Consultant Ed Krapels makes waves with undersea transmission.
Bruce W. Radford is editor-in-chief for Public Utilities Fortnightly.
“Make no small plans,” the saying goes, and consultant Ed Krapels has taken that to heart.
Krapels and his partners began in 1999 to dream about a huge undersea electric transmission line, running under the Atlantic Ocean from Canada to Manhattan, that would dwarf anything seen before or since. And today, nearly a decade later, Krapels still holds to his vision: Bring significant quantities of renewable energy south from Maine and the Canadian Maritimes, and inject that capacity directly into the congested downtown local grids of America’s large East Coast cities. Who could find fault with that?
Though the dream, to be known as Project Neptune, still lives, Krapels and his partners since have found it prudent to scale back a bit. They first envisioned a single monster 4,800-MW direct-current project, running hundreds of nautical miles, with intermediate stops into the Boston area (where Krapels and the ESAI consultants work) and Southern Connecticut, plus a 1,200-MW bi-pole terminating in New York City. Several years on, with Enron and the standard market design now both dead in the water, the Neptune project has morphed into three smaller and discrete projects, each a high-voltage, direct-current undersea line.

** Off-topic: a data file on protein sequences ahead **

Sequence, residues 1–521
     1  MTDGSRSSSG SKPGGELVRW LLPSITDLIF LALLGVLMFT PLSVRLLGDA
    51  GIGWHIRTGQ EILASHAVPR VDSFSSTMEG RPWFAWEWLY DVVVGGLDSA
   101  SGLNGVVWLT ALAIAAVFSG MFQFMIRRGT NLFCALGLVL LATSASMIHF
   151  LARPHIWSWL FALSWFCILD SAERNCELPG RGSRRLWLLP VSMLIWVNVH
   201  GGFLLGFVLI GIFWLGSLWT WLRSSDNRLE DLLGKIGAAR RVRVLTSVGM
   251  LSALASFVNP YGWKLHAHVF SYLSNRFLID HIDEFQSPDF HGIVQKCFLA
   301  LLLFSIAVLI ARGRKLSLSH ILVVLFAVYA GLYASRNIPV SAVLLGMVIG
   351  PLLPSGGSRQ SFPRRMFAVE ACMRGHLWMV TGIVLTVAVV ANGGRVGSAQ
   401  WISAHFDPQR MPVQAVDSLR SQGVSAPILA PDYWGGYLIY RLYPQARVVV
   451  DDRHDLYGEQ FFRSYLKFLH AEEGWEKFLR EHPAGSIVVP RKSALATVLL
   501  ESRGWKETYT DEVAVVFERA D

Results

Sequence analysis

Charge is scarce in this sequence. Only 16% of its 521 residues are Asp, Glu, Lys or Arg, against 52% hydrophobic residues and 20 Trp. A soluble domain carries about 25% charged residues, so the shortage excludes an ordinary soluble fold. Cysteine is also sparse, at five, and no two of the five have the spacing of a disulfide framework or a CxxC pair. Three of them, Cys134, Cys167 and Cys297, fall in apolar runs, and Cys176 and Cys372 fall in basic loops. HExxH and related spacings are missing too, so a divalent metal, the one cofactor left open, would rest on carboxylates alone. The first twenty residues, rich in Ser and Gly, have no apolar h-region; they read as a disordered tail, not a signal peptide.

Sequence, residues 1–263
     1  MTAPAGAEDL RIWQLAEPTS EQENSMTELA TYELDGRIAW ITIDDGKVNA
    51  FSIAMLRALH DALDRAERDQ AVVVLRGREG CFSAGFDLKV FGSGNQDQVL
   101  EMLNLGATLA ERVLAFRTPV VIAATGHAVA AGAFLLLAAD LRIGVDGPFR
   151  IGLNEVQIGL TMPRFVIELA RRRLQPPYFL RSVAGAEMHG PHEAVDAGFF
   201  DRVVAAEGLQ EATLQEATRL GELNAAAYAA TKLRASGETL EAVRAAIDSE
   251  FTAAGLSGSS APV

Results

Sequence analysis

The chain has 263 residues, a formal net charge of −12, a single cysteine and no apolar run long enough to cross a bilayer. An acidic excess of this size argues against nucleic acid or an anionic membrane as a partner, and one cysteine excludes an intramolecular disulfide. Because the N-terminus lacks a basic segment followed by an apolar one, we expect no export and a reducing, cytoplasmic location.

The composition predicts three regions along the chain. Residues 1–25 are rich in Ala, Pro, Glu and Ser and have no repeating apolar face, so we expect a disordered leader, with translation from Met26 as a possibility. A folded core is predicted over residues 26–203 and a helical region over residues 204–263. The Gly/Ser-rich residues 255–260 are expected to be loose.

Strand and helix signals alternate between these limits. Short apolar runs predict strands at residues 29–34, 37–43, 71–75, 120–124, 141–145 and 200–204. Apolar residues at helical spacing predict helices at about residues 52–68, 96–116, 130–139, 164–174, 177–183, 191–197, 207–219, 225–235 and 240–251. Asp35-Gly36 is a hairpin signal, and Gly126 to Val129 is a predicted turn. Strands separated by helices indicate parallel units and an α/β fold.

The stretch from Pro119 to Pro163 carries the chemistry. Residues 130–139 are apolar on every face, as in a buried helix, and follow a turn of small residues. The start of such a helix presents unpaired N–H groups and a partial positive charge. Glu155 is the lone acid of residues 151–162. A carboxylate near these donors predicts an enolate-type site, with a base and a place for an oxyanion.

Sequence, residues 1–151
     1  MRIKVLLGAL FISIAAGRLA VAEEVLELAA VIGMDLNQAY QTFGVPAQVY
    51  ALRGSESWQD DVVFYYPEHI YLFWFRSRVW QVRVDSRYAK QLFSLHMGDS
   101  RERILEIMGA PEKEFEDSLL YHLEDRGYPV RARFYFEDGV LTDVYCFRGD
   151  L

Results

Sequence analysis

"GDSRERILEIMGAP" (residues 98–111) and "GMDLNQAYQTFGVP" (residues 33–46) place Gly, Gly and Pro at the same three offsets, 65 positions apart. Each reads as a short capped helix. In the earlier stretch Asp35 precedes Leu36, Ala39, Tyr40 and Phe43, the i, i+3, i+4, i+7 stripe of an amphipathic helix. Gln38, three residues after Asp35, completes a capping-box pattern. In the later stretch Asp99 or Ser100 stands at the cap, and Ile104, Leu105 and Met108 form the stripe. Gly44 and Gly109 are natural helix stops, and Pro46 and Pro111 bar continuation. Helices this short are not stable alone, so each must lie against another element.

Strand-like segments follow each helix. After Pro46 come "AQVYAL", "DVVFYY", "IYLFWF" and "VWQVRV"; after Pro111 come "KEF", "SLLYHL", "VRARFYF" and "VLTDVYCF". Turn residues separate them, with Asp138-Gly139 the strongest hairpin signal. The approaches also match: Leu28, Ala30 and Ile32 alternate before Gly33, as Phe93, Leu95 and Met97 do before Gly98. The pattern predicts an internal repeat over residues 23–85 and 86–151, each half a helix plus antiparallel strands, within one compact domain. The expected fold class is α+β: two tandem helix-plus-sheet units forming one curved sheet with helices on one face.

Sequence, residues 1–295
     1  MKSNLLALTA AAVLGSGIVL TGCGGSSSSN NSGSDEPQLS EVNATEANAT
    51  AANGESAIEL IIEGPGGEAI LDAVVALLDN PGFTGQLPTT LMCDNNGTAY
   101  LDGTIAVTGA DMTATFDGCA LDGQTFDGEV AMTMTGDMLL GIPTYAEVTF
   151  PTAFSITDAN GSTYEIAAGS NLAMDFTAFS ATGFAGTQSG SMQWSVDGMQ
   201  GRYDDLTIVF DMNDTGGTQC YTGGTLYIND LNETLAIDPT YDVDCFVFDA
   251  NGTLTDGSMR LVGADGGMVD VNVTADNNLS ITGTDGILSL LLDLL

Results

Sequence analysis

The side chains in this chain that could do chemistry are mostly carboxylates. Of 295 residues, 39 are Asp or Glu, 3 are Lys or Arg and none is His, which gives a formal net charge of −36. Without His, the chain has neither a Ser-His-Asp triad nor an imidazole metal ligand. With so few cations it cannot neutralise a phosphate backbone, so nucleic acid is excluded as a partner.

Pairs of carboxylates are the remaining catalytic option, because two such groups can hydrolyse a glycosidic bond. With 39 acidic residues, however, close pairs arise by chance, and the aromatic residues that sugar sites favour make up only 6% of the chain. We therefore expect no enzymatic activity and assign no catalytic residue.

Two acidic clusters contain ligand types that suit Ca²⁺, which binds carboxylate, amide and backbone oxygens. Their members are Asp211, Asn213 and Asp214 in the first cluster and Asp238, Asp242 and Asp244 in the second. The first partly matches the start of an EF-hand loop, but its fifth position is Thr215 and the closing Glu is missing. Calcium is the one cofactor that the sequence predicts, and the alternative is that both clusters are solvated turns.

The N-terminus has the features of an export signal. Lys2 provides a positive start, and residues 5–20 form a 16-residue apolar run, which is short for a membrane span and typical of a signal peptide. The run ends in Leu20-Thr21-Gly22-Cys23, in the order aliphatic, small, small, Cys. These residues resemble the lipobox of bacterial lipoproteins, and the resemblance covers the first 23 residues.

The first, the Neptune Transmission Project, nearly complete and in service, runs from Sayreville, N.J., to Long Island, N.Y. (660 MW, with 51 miles underwater, 65 miles total), bridging the PJM Interconnection with the New York Independent System Operator (ISO). The second, the Hudson Transmission Project (not to be confused with an older project called “Cross-Hudson,” abandoned by PSE&G in 2005), will run under the Hudson River from Bergen N.J. to West 49th Street, Manhattan. The third and newest proposal, known as the Green Line, or the New England Independent Transmission Co. (ITC) Project, would run from the site of the former Maine Yankee nuclear plant, in Wiscasset, Maine, to NStar’s 345-kV K St. substation near the Boston waterfront (660 MW, 140 miles underwater).
Fortnightly: I understand that you have some “skin” in the Green Line. Is that correct?
Krapels: I do. I am the chairman. I have a partner, Ed Stern, who is also the CEO of Neptune, and also the CEO of the Hudson project.
Fortnightly: Are those two projects—Hudson and Neptune—further along than the Green Line, also known as the New England ITC project?
Krapels: Yes. Neptune is actually in the very last month of construction. And it will go into service, God willing, July 1 of this year. The cable is laid. The converter stations are built. It is actually on budget and on schedule, which is a rare thing for a transmission line.